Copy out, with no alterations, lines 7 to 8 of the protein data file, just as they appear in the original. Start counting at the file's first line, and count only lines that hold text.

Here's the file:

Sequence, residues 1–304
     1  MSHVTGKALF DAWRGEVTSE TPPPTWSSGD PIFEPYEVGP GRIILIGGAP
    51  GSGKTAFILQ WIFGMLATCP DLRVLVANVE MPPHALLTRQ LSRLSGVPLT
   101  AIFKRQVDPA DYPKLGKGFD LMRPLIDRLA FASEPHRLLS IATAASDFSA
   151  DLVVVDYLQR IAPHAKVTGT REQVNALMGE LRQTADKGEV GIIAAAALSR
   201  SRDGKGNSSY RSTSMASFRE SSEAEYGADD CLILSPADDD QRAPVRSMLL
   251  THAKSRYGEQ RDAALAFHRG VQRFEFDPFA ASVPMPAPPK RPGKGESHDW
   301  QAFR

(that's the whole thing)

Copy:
   251  THAKSRYGEQ RDAALAFHRG VQRFEFDPFA ASVPMPAPPK RPGKGESHDW
   301  QAFR